Clippers blow late lead in Game 5, fail to close out Nuggets
The Clippers were 12 minutes away from accomplishing the unprecedented.
Now they have two games to stave off a torturous repeat of their history.
Ahead and in control from the start of Game 5 of their Western Conference semifinal Friday, with the 50-year-old franchise’s first conference final appearance in sight, the Clippers could not finish off Denver in a 111-105 defeat that extends the series at least two more days while reviving memories of past playoff breakdowns.
“We had them on the line; we gave a game up,” said forward Paul George, who scored 26 points. “Game 6, we got to come in and put them away.”
Kawhi Leonard had 36 points, nine rebounds, four assists and three steals in Game 5, but he will need more help if the Clippers want to oust Denver.
Only two days before it was George who had cautioned that, entering Friday’s potential close-out game, “a team like that, you can’t give them no life.” He had watched Denver rally from down 3-1 to win its best-of-seven-game first-round series against Utah too.
No team has won two series in the same postseason when trailing 3-1, but Denver wouldn’t mind making history while denying the Clippers some of their own.
“I know everybody’s excited about the Lakers playing the Clippers in the Western Conference finals,” Denver coach Mike Malone said. “But we’re hoping to have something to say about that.”
Up by as many as 16 points, and seven entering the final quarter, the Clippers made 28% of their shots in the fourth while Denver shot 61%. The Nuggets made seven of their final nine three-pointers, including one by Nikola Jokic with 7:06 remaining that gave Denver its first lead in two games.
“We definitely lost our discipline, there’s no doubt about that,” Clippers coach Doc Rivers said. “I guess that would be the lesson.”
It is one the Clippers have learned the way hard before.
Jayson Tatum’s 29 points helped the Boston Celtics beat the defending NBA champion Toronto Raptors 92-87 in Game 7 to earn a spot in the East finals.
The defeat revived memories of 2015, when the Clippers led their second-round series against Houston 3-1 before collapsing in a seven-game loss. It left the Clippers shellshocked and the notion of the so-called “Clippers curse” alive and well.
Jamal Murray scored 26 points to lead Denver and Jokic scored 22, but the biggest shot belonged to reserve Michael Porter Jr., the 6-foot-10 forward who had asked for just such a moment to shine.
A rookie, Porter stirred controversy after Game 4 when he suggested that his scoreless second half was the result of his coach’s play calls, and that Denver needed to broaden its offensive options beyond Murray and Jokic. Porter was drilled for the comments by NBA veterans — Malone said before tipoff that they should have been kept in-house.
Key plays from the Clippers’ 111-105 loss to the Denver Nuggets in Game 5 of their Western Conference semifinal series Friday.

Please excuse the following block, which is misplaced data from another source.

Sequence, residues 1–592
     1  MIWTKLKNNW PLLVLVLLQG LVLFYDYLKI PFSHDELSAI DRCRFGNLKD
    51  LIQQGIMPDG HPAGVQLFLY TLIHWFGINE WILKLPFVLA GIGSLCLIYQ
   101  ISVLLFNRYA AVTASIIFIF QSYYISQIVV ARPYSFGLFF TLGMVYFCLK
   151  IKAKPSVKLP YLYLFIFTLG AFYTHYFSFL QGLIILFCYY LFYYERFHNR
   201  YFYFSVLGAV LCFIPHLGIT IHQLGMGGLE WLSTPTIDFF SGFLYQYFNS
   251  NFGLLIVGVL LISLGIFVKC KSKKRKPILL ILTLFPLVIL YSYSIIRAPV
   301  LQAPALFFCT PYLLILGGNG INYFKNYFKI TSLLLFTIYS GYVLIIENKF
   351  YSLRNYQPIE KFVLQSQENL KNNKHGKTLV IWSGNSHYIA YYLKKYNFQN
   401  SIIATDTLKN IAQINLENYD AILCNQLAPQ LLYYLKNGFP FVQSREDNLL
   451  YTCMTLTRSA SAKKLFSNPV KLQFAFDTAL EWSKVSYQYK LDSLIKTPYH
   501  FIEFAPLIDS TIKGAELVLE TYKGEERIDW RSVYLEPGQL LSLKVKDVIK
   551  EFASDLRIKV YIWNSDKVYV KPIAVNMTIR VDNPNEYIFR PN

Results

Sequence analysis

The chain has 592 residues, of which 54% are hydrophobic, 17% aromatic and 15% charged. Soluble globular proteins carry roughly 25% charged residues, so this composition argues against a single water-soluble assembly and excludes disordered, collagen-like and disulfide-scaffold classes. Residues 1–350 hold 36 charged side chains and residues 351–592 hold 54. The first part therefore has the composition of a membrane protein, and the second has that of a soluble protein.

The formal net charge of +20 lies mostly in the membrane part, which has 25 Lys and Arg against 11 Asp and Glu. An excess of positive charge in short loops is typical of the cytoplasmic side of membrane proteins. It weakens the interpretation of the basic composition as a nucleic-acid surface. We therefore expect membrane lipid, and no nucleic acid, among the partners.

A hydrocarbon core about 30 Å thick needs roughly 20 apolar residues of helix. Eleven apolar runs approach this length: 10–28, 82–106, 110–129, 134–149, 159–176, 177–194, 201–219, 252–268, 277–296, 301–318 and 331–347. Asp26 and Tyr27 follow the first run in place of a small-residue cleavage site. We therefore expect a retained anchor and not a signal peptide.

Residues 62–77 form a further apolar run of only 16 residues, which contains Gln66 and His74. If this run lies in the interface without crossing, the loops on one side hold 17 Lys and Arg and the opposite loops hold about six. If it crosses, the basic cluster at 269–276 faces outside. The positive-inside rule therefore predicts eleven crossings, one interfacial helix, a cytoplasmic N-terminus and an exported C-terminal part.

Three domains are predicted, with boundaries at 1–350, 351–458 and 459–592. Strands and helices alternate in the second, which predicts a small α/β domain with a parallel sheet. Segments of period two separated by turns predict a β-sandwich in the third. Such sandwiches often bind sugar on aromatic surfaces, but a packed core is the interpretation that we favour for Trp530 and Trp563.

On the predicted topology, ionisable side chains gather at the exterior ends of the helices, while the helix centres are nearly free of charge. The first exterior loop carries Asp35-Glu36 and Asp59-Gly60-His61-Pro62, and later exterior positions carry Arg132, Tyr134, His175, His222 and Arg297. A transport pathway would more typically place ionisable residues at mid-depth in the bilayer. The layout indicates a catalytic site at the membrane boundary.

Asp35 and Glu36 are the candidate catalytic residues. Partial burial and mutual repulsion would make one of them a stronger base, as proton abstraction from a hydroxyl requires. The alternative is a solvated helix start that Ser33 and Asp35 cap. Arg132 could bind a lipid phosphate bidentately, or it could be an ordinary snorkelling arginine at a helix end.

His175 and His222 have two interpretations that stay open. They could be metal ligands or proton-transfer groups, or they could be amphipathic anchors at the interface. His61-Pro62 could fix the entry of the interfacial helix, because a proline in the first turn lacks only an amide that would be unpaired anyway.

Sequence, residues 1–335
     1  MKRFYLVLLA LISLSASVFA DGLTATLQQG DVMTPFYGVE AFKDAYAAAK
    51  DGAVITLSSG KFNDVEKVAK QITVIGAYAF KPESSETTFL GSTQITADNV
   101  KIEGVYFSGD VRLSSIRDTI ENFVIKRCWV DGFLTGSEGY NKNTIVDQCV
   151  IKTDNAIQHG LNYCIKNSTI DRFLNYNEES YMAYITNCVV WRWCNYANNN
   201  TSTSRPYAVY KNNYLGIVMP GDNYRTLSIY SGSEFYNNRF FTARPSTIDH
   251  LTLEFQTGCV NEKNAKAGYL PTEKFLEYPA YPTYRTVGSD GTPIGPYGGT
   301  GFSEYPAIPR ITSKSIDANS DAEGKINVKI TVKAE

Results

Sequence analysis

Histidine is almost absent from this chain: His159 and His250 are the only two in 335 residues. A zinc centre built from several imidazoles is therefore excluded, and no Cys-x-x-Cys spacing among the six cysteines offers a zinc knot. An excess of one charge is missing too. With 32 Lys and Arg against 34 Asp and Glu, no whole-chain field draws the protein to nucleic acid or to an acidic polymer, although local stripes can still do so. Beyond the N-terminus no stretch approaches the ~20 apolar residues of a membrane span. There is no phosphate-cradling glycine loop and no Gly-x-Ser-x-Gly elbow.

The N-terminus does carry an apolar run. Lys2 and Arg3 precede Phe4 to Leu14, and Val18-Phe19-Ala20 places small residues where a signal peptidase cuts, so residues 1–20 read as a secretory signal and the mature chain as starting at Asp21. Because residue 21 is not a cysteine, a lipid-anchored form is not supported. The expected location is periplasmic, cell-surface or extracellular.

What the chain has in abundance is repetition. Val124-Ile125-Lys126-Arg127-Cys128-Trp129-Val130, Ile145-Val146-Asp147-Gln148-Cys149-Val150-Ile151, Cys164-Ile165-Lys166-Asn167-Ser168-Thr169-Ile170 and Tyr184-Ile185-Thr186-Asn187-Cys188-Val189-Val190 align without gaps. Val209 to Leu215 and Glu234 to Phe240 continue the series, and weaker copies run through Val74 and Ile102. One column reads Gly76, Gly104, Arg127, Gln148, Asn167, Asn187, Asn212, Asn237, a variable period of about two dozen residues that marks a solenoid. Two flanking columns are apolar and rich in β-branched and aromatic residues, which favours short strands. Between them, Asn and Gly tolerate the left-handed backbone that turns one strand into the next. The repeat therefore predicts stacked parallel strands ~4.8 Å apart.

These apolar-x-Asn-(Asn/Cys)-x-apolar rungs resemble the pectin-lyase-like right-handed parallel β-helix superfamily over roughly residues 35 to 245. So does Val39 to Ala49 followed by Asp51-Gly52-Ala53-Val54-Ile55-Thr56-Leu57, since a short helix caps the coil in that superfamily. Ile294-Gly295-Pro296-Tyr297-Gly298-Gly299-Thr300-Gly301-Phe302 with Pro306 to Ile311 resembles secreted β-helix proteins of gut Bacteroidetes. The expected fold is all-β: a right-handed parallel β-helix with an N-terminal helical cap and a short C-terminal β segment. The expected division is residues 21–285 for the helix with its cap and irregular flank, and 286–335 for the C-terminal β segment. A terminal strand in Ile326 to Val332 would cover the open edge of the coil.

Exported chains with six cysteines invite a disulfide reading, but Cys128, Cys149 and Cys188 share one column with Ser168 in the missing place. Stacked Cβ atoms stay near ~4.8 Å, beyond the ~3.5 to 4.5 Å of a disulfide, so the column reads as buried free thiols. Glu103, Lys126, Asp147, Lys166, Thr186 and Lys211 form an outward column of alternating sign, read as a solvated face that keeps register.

He answered with 1:11 remaining, and his team leading by two, by drilling a 27-foot three-pointer.
“Something made me shoot it,” he said.
It was the only field goal of the night for Porter, whom the Clippers passed on drafting in 2018 because of back injuries that cost him his first season in the league.
“What you love about Michael is that whether it’s just youthful inexperience or not really understanding the magnitude of the situation, but he has supreme confidence,” Malone said.
How do digital fans show up at NBA games in the bubble? It’s complicated, but when it works it’s a unique experience in the era of COVID-19 pandemic.
Two possessions later, Porter stuffed Clippers center Ivica Zubac at the rim.
Kawhi Leonard was his trademark calm after the loss, calling it a learning lesson. He is not one to panic. Last season, his Toronto Raptors trailed 2-0 in the second round, only to go on to win the NBA championship. He scored 13 of his team-high 36 points in the fourth quarter.
But with Leonard off the floor because of changed rotations to end the third quarter and begin the fourth, the Clippers’ lead began to falter. Denver rattled off a 14-2 run. Paul Millsap had 14 points in the third quarter for the Nuggets.
“We had leads like this all year, and you know, teams came back on us,” Leonard said. “We just got to keep fighting.”
Leading by four with 1:58 remaining and with the Clippers attempting to rally, Denver suffered a major blow when its best perimeter defender, Gary Harris, fouled out on a possession that ended with Leonard making two free throws.
The Nuggets’ lead was down to two — where it would stay until Porter’s shot gave his team another shot to keep their season alive.
“We gave them a little bit of life and they played desperation ball,” George said. “They didn’t have a choice. They played desperation ball. Credit them for not wanting to go home. They played great down the stretch. We just had to match it. But like I said, it all comes down to our approach in Game 6.”
Greif reported from Los Angeles.
Get our high school sports newsletter
Prep Rally is devoted to the SoCal high school sports experience, bringing you scores, stories and a behind-the-scenes look at what makes prep sports so popular.
You may occasionally receive promotional content from the Los Angeles Times.